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An Iowa county attorney has worked in conjunction with their state representative to try and get ahead of a major threat staring teens in the face.

House File 2049 attempts to address sexual exploitation of a minor by the knowing use of a visual depiction of a minor to create, adapt or modify a photograph or film with the intent to falsely depict the minor engaging in a prohibited sexual act or the simulation of a prohibited sexual act.

Andrew Ritland, the Mahaska County Attorney, said he’s been working with Republican State Rep. Helena Hayes to address the issue.

Ritland said it is an “increasing problem” where people take pictures of real children and adapt them into a pornographic image to make it appear the child was involved in a pornographic act.

Those artificial images are then used to threaten minors to extort a child to provide real pornographic images in exchange for the person not to disseminate the false pornographic image.


“This is an issue which I feel very strongly we should get out in front of,” Ritland said.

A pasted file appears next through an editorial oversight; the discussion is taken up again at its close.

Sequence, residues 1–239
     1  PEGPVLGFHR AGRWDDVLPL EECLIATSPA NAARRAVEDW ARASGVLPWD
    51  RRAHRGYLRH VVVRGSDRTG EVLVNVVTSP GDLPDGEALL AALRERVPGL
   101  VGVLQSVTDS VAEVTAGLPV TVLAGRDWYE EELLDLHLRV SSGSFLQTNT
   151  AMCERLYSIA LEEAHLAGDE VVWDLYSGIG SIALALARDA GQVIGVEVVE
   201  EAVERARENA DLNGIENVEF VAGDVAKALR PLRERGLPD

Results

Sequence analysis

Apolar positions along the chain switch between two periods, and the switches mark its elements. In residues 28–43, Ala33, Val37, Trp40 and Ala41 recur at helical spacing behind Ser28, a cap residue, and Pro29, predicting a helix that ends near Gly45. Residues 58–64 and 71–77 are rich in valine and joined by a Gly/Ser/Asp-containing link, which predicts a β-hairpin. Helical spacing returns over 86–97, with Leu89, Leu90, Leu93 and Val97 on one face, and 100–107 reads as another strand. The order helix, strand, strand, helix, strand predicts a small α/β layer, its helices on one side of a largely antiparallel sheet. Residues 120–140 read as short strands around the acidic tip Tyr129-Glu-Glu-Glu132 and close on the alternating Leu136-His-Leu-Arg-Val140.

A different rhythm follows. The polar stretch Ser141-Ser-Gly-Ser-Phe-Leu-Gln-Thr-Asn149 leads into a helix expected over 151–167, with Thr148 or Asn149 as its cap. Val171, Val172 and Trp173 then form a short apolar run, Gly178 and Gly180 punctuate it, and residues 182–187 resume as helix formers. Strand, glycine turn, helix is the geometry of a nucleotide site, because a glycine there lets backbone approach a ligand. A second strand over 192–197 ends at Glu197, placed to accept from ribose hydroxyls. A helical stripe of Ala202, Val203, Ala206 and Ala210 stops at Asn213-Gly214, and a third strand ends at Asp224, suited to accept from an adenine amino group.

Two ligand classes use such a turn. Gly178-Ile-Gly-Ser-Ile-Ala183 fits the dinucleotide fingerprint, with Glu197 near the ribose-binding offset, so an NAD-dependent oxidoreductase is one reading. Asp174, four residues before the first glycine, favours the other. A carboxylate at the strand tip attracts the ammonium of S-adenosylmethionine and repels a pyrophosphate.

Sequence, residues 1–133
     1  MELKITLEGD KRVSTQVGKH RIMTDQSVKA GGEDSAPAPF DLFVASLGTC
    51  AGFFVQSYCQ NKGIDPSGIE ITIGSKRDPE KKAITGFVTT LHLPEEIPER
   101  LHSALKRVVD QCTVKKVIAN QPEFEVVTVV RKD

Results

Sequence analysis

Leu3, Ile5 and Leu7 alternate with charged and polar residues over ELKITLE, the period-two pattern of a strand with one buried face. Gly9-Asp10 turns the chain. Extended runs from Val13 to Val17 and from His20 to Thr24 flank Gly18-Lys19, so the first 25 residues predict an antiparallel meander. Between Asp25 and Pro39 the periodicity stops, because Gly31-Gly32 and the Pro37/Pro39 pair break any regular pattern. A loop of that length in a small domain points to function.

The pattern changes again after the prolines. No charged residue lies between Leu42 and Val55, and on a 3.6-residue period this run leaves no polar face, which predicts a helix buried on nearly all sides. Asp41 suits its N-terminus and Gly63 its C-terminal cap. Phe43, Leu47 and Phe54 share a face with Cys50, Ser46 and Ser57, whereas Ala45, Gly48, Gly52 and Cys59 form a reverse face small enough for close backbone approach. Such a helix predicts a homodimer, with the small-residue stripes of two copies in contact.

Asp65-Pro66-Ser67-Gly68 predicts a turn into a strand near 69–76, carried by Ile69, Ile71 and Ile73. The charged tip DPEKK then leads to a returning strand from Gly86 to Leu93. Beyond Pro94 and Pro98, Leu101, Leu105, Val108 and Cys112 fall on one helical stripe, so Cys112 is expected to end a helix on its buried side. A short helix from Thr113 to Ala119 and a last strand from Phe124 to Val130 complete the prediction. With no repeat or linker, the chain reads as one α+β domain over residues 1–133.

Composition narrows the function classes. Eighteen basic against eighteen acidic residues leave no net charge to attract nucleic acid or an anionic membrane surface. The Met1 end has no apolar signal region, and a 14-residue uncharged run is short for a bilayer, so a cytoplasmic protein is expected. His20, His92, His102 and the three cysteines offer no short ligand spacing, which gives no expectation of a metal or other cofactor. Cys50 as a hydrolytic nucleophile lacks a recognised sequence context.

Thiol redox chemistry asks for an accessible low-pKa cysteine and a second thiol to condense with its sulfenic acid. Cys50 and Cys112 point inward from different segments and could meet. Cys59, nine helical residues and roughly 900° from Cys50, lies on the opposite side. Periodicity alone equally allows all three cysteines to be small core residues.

The bill is focused on real children’s images being used. Completely artificially generated children acting in an artificially generated sex act is not covered by the bill.

“That is done at this point by design to ensure free speech protections are still in place,” Ritland said. “So, in this way, we hope to further protect the children of Iowa against these new technological threats and hold perpetrators accountable when they manipulate images at the cost of children. These images have a real harm.”

Because children are influenced by peer pressure, it is likely they will do whatever it takes to stop someone from spreading a pornographic image — whether it is real or fake.

Democrat State Rep. Megan Srinivas did not sign off in support of the bill. She said she would like to make sure a person who takes a photo of a health concern regarding their body and then draws or writes on the image wouldn’t get caught in such a law.

Ritland said he didn’t share those concerns because the bill is targeted at general exploitation of a minor. 

Chuck Hurley of The FAMiLY Leader said the group strongly supports the legislation and agrees the language should be exactly how lawmakers want it. When he was chair of the House Judiciary Committee in the 1990s, Hurley said they were beginning to adapt their laws to a “new thing” called the internet.

“Here we are,” he said. “Let’s try to keep Iowa somewhat kid-friendly the best we can.”

Kate Walton with the Motion Picture Association said the group is registered as undecided by has a slight modification it would like to see added to the bill.

Republican State Representatives Bill Gustoff and Charley Thomson advanced the bill through subcommittee.


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Author: Jacob Hall


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